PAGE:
As reported cases of bike theft near the Santa Catalina Residence Hall continue to trouble authorities, University of California Santa Barbara Police Dept. and Housing & Residential Services are implementing new bike theft prevention measures.

H&RS approached UCPD to tackle bike theft because it has evolved into a “core concern” for campus and area residents. The campus police purchased a “bait bike” armed with a GPS device last quarter and installed it on or near campus in hopes of catching a bicycle thief. Students will also soon be able to report stolen bicycles to authorities via text message.

Bike theft has long plagued the University, and UCSB has been no stranger to the sickness — a UCPD system-wide report issued last October estimated the value of bicycles stolen from UCSB campus and residence halls at $96,000.

Deputy district attorney and Misdemeanor Unit Supervisor Gary Gemberling, said stealing a bike can have severe legal consequences.

If the value of the stolen bike is low enough, Gemberling said the crime can be dismissed by completing a 12-hour course and paying a fine. Stealing a bike valued over $400, however, can lead to a felony charge for grand theft.

“If you were to apply for a job, you could have to disclose to your employer that you’ve been convicted,” Gemberling said.

UCPD spokesman Sgt. Matt Bowman, a committee member of Associated Students B.I.K.E.S., said almost 25 percent of the bikes stolen at UCSB were taken from areas adjacent to residence halls.

“That’s pretty significant for a campus our size with as many residence halls as we have, to have a quarter of the thefts occur there, especially considering the quality- of-life impact it has on the residents,” Bowman said.

H&RS has made improvements to the Santa Catalina bike lot by resurfacing the area, installing more racks and adding a small fence around the front of the lot to discourage vandalism of bikes parked close to the sidewalk.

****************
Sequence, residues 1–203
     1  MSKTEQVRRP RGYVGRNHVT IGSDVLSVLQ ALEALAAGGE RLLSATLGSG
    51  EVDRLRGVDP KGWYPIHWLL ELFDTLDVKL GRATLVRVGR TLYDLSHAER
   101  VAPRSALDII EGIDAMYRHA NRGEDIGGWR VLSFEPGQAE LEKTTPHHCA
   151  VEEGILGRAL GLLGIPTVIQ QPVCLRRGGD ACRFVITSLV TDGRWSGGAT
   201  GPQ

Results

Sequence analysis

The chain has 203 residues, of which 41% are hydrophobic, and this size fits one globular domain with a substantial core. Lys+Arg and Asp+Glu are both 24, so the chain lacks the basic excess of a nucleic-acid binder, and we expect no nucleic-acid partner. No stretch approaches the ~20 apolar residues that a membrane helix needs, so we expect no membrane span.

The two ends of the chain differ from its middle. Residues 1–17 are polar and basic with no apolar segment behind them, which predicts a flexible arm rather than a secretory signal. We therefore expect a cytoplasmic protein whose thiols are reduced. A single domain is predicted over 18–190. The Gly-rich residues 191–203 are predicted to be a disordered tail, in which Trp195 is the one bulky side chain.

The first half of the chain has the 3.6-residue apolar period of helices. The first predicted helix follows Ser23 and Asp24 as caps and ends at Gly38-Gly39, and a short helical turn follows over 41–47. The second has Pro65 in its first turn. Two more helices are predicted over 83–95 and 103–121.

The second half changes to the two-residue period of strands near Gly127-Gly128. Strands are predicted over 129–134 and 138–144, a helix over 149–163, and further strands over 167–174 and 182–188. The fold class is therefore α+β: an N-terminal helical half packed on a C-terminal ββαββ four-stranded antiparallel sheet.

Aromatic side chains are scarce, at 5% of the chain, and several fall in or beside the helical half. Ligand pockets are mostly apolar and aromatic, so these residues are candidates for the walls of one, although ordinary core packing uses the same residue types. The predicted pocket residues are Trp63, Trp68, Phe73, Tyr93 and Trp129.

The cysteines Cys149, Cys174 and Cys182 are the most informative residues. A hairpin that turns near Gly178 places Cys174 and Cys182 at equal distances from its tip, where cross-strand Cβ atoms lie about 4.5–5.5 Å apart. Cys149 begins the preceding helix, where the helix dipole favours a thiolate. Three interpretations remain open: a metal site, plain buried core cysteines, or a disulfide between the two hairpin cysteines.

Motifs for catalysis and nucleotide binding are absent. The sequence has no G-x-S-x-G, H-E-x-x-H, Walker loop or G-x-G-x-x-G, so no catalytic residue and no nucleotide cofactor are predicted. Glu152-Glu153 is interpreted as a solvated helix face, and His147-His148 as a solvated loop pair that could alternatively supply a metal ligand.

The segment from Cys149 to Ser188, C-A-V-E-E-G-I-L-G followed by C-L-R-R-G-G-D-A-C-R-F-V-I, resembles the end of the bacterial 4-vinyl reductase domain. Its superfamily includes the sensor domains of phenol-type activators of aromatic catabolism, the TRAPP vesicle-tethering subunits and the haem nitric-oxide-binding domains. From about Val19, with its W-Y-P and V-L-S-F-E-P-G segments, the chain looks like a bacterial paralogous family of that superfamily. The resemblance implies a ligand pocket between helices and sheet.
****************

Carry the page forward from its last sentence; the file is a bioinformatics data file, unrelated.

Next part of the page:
The farther students live from campus, the more burdensome it becomes to be the victim of bike theft, Bowman said.

“I’m sure [bikes are stolen] out of convenience — it’s not malice — but the bottom line is, it’s wrong,” Bowman said. “It comes down to this big quality- of-life issue. College students work really hard to come here to UCSB. It takes a lot of money, time and effort, and so to have potentially their primary transportation taken from them is extremely impactful.”

The campus’ Community Service Organization is working to streamline its bike registration system by this summer. The upgraded process will speed up registration and encourage more students to register their bikes, which Bowman said will hopefully improve UCPD’s chances of recovering stolen bikes.

“Our recovery rate of a stolen bicycle that is not registered is in the five to 10 percentile,” Bowman said. “But, if that bike is a registered bike with the University Police Department here at UCSB, our recovery rate is 30 percent, which is a significant improvement.”

Noticing a steadily emerging problem with illegally parked bikes on campus, UCPD increased the storage space of its bicycle impound lot last October. Bowman said illegally parked bikes are hauled away because of the obstacle they pose for students and staff — especially for those with impaired vision.